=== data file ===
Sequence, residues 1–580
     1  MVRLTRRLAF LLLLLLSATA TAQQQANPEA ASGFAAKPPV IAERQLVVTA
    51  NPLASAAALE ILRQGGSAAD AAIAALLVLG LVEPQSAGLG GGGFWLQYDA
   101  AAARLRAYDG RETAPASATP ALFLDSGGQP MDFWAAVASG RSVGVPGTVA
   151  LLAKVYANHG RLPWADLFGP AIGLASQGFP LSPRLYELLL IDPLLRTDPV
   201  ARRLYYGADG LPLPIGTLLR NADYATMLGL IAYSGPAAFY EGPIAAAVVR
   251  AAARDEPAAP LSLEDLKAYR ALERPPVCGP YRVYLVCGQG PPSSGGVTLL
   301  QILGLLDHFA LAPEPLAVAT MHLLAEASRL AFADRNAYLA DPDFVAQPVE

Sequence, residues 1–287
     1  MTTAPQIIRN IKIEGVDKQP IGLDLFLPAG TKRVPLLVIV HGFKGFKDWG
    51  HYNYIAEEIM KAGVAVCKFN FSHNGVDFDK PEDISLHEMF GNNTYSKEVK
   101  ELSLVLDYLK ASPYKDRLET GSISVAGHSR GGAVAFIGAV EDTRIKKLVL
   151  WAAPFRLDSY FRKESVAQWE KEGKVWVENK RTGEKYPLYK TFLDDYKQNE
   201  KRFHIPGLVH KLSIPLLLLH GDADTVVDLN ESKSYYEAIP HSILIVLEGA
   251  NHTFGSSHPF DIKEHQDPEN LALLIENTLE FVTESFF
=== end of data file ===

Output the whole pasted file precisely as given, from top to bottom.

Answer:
Sequence, residues 1–580
     1  MVRLTRRLAF LLLLLLSATA TAQQQANPEA ASGFAAKPPV IAERQLVVTA
    51  NPLASAAALE ILRQGGSAAD AAIAALLVLG LVEPQSAGLG GGGFWLQYDA
   101  AAARLRAYDG RETAPASATP ALFLDSGGQP MDFWAAVASG RSVGVPGTVA
   151  LLAKVYANHG RLPWADLFGP AIGLASQGFP LSPRLYELLL IDPLLRTDPV
   201  ARRLYYGADG LPLPIGTLLR NADYATMLGL IAYSGPAAFY EGPIAAAVVR
   251  AAARDEPAAP LSLEDLKAYR ALERPPVCGP YRVYLVCGQG PPSSGGVTLL
   301  QILGLLDHFA LAPEPLAVAT MHLLAEASRL AFADRNAYLA DPDFVAQPVE

Sequence, residues 1–287
     1  MTTAPQIIRN IKIEGVDKQP IGLDLFLPAG TKRVPLLVIV HGFKGFKDWG
    51  HYNYIAEEIM KAGVAVCKFN FSHNGVDFDK PEDISLHEMF GNNTYSKEVK
   101  ELSLVLDYLK ASPYKDRLET GSISVAGHSR GGAVAFIGAV EDTRIKKLVL
   151  WAAPFRLDSY FRKESVAQWE KEGKVWVENK RTGEKYPLYK TFLDDYKQNE
   201  KRFHIPGLVH KLSIPLLLLH GDADTVVDLN ESKSYYEAIP HSILIVLEGA
   251  NHTFGSSHPF DIKEHQDPEN LALLIENTLE FVTESFF